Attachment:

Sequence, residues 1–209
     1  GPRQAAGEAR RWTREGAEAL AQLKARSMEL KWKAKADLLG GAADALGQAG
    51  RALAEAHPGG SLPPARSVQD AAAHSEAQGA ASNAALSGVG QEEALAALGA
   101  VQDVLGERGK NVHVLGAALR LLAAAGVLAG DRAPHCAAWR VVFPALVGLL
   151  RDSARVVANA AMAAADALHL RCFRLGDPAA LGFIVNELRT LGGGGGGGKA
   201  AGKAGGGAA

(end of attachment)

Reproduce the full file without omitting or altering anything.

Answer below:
Sequence, residues 1–209
     1  GPRQAAGEAR RWTREGAEAL AQLKARSMEL KWKAKADLLG GAADALGQAG
    51  RALAEAHPGG SLPPARSVQD AAAHSEAQGA ASNAALSGVG QEEALAALGA
   101  VQDVLGERGK NVHVLGAALR LLAAAGVLAG DRAPHCAAWR VVFPALVGLL
   151  RDSARVVANA AMAAADALHL RCFRLGDPAA LGFIVNELRT LGGGGGGGKA
   201  AGKAGGGAA